Aqueous is a meditative space that encourages perception of small things.
In a dark room, visitor can see lights near the floor and on the ceiling and hear soft water sounds from every part of the space. As the sound gains and loses musicality, they can also catch glimpses of tonal, rhythmic and spatial patterns.
Water droplets fall through the space into 25 water-filled tubes that are approximately tuned in an equal-temperament scale spanning two octaves. Each tube is lit from the bottom by an LED, creating a glow in the ceiling that shimmers and flickers when the water surface is distorted. The release of droplets is hidden above the ceiling, allowing the ceiling to act as a canvas.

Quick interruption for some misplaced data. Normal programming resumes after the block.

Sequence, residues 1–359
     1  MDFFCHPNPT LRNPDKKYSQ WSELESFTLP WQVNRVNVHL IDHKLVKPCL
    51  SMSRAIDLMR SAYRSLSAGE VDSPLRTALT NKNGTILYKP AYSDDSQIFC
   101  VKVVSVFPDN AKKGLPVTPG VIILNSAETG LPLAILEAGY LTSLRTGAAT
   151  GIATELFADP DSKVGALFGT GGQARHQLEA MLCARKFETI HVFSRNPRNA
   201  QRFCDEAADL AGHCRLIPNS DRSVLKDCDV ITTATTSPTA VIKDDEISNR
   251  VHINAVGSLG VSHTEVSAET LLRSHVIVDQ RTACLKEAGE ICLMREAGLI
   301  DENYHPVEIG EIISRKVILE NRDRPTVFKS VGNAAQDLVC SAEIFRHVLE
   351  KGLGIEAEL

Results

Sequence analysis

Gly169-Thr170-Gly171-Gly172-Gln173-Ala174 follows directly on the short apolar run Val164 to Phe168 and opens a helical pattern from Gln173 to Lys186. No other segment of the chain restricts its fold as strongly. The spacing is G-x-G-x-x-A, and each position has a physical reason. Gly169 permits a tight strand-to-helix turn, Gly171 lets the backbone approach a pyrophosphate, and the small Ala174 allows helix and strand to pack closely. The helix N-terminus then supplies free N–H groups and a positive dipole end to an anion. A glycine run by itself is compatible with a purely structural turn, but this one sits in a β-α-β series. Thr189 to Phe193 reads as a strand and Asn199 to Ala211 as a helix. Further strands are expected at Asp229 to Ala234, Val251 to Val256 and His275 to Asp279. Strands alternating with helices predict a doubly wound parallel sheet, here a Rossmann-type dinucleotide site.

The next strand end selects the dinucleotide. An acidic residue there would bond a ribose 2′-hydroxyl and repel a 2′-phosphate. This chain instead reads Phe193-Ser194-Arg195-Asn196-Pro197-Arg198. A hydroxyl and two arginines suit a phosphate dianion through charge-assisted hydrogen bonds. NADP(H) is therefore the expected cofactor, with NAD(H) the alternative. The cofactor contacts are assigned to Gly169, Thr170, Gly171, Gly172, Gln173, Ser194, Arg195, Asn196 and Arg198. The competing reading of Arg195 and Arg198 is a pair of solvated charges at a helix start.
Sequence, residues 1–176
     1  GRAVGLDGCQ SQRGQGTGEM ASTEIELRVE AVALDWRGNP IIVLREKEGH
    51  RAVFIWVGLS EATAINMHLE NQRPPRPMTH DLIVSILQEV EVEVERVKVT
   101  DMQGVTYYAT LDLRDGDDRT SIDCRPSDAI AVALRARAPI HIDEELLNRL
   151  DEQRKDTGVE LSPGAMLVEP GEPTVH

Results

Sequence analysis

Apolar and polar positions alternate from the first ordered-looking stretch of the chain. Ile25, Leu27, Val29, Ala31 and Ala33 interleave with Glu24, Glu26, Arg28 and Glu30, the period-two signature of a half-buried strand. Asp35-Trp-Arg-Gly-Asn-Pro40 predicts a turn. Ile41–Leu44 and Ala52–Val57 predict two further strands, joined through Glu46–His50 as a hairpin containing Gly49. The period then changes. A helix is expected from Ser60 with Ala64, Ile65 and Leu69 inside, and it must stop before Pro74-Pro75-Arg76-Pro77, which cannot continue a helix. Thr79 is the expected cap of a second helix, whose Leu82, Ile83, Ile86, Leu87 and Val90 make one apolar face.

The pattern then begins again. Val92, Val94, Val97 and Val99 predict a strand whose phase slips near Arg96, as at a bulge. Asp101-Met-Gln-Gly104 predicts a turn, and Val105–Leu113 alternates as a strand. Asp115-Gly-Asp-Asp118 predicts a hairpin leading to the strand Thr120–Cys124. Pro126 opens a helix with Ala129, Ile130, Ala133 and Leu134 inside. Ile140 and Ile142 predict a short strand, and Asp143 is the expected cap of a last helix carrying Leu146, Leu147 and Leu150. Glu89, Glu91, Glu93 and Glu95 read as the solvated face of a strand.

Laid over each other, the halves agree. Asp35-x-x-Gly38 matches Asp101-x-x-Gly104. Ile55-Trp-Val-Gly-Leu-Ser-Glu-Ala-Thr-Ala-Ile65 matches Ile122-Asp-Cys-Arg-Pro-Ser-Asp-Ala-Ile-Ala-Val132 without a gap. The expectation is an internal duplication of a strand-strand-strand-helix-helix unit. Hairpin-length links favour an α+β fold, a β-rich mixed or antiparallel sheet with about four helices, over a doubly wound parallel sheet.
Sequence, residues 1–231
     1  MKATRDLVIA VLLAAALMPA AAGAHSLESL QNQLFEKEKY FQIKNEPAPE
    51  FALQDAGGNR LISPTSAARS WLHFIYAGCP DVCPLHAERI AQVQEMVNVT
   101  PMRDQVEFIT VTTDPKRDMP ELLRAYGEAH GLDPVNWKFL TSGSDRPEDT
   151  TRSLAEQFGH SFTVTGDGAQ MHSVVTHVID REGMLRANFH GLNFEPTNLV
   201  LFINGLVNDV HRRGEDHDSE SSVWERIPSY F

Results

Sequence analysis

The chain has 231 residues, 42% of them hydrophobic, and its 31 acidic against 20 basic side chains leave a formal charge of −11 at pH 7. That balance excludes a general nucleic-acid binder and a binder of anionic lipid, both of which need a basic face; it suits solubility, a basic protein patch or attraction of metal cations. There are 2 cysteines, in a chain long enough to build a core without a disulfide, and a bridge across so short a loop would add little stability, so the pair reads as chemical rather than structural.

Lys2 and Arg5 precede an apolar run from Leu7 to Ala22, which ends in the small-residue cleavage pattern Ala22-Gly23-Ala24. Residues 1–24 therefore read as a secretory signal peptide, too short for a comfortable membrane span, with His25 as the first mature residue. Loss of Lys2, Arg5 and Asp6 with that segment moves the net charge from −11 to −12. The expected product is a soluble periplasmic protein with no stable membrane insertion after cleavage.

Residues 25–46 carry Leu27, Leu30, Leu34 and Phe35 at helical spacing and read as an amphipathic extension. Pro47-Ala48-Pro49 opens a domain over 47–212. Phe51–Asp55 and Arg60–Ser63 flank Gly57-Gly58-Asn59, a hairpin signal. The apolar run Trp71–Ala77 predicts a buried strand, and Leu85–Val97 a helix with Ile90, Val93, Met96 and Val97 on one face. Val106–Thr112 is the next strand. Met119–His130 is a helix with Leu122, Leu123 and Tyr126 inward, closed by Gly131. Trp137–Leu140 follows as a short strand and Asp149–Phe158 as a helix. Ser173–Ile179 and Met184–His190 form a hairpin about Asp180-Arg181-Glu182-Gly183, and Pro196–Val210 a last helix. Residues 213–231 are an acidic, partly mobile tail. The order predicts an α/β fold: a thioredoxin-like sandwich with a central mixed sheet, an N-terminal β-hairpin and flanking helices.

The actuation of the droplets is controlled by a computer program, whose algorithm constructs note sequences that resemble noise at times and music at other times. Because of the physics of the installation, the volume and timbre of each drop vary since the droplets do not always fall in the same exact location. Perturbations during droplet formation, atmospheric disturbances and water surface conditions inside the tube all affect the nature of the resultant sound. The chance occurrence in aqueous is a combination of computed randomness and nature.
Originally posted on we make money not art by Regine